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Latest Inspector General Report Slams Comey’s FBI For Massive Failures To Document FISA Claims


On March 31, Inspector General Michael Horowitz released an interim report on his audit of the Federal Bureau of Investigation’s compliance with procedures to protect Americans’ civil rights in Foreign Intelligence Surveillance Act cases. Horowitz’s “Management Advisory Memorandum” detailed devasting and systematic failures by the FBI in executing the procedures designed to ensure the accuracy of the applications submitted under oath to the FISA court.

Contrary to the left’s spin, the FBI’s incompetence in handling more (Most? All?) FISA cases is not a vindication of the Crossfire Hurricane team that illegally surveilled Carter Page and, in turn, the Donald Trump campaign.

Ignoring Rules Designed to Preserve Accuracy

Horowitz’s memorandum opened by noting that the report he issued in December 2019 concerning the four Page FISA applications, detailed “among other things,” “fundamental and serious errors in the agents’ conduct of the FBI’s factual accuracy review procedures (‘Woods Procedures’) with regard to all four FISA applications.” The FBI’s failure to comply with the Woods Procedures in the Page FISA applications prompted the IG’s office to “initiate an audit to examine more broadly the FBI’s execution of, and compliance with, its Woods Procedures.”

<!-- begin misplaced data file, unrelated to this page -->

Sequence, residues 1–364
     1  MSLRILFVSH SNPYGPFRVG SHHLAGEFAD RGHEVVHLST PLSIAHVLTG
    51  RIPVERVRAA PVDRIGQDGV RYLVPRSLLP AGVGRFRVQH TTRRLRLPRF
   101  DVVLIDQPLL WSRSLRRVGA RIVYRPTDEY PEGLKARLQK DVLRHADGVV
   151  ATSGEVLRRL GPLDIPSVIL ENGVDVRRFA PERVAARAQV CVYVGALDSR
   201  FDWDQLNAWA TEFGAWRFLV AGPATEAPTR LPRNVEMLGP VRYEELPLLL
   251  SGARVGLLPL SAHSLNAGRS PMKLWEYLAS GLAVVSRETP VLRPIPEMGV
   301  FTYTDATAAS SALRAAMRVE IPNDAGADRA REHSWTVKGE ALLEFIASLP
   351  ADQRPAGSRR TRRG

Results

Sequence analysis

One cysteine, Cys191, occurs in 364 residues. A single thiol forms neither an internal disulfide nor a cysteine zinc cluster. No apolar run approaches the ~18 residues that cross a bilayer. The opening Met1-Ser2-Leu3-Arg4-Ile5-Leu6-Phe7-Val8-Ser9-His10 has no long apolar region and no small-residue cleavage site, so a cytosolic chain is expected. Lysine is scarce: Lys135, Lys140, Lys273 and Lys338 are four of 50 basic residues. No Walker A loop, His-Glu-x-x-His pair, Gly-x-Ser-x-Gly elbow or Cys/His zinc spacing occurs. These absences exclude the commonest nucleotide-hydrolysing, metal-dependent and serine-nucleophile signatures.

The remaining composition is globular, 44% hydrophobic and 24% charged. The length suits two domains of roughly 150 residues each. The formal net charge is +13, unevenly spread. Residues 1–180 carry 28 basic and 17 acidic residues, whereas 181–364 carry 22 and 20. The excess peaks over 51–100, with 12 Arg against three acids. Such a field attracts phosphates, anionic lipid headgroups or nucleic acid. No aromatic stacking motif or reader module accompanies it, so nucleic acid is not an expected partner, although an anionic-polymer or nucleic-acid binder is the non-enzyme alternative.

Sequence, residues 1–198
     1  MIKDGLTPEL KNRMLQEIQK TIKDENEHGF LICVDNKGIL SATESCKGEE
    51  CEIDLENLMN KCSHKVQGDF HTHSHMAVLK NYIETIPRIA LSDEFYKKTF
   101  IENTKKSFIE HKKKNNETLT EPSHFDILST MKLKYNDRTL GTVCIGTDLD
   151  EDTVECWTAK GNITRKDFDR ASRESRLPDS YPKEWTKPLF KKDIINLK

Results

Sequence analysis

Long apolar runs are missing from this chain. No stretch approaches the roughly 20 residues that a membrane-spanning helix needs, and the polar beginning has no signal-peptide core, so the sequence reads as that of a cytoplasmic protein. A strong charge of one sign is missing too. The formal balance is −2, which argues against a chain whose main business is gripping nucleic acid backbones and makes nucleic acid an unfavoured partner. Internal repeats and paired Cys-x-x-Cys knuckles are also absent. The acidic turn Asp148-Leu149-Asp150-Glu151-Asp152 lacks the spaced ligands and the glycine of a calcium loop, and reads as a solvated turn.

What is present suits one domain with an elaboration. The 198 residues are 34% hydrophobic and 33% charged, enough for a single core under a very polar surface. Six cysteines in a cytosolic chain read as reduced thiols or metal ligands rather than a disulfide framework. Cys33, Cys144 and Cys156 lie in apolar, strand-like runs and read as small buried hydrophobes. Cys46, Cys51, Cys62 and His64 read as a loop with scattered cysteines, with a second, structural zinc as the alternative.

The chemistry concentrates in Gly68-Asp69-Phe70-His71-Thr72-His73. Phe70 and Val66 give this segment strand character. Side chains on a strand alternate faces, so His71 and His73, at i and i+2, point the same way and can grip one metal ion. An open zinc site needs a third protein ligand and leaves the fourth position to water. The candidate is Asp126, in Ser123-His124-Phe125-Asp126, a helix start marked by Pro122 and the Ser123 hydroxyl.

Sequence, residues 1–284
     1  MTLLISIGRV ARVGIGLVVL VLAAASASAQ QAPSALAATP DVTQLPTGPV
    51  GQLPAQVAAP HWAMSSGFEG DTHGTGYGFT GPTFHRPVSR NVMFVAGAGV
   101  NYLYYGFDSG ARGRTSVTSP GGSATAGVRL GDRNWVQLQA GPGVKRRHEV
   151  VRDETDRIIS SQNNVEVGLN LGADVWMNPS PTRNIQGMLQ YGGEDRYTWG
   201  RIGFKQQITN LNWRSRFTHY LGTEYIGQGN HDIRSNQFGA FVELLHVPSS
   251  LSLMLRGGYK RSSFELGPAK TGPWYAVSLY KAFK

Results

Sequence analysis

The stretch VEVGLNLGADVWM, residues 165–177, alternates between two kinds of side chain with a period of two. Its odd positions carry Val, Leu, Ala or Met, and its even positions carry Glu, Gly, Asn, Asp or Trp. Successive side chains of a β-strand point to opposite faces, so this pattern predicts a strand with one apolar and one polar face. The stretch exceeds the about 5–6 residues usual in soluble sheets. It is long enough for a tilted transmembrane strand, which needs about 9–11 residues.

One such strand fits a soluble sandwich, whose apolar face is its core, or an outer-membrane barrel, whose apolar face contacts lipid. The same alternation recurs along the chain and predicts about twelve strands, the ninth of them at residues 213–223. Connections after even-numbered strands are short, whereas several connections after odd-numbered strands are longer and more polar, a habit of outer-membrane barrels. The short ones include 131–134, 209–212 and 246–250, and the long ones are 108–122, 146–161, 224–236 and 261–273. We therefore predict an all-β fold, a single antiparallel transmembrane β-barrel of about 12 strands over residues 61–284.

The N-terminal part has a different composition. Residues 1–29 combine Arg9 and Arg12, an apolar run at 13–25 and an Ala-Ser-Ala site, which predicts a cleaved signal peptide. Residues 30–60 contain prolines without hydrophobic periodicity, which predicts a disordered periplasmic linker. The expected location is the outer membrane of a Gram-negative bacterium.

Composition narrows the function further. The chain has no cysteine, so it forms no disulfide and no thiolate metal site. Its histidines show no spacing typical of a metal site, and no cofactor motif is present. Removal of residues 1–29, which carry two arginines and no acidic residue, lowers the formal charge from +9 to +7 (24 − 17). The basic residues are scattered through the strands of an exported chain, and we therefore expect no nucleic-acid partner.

The Woods Procedures, Horowitz explained, were implemented “in 2001 following errors in numerous FISA applications submitted to the FISC in FBI counterterrorism investigations.” Those procedures sought to “minimize factual inaccuracies in FISA applications and to ensure that statements contained in applications are ‘scrupulously accurate.’”

As part of the procedures, the FBI required a case agent requesting a FISA application to create a “Woods File” that included: “(1) supporting documentation for every factual assertion contained in a FISA application, and (2) supporting documentation and the results of required database searches and other verifications.” Prior to seeking a FISA surveillance order, both the case agent and a supervisory special agent were required to verify that the Woods File contained “supporting documentation for every factual assertion within the FISA application.”

In auditing the FBI’s compliance with the Woods Procedures, Horowitz’s team focused on FISA surveillance orders issued from October 2014 to September 2019. As part of the audit, Horowitz’s team visited eight FBI field offices and selected, from more than 700 applications, “a sample of 29 applications relating to U.S. Persons involving both counterintelligence and counterterrorism investigations.”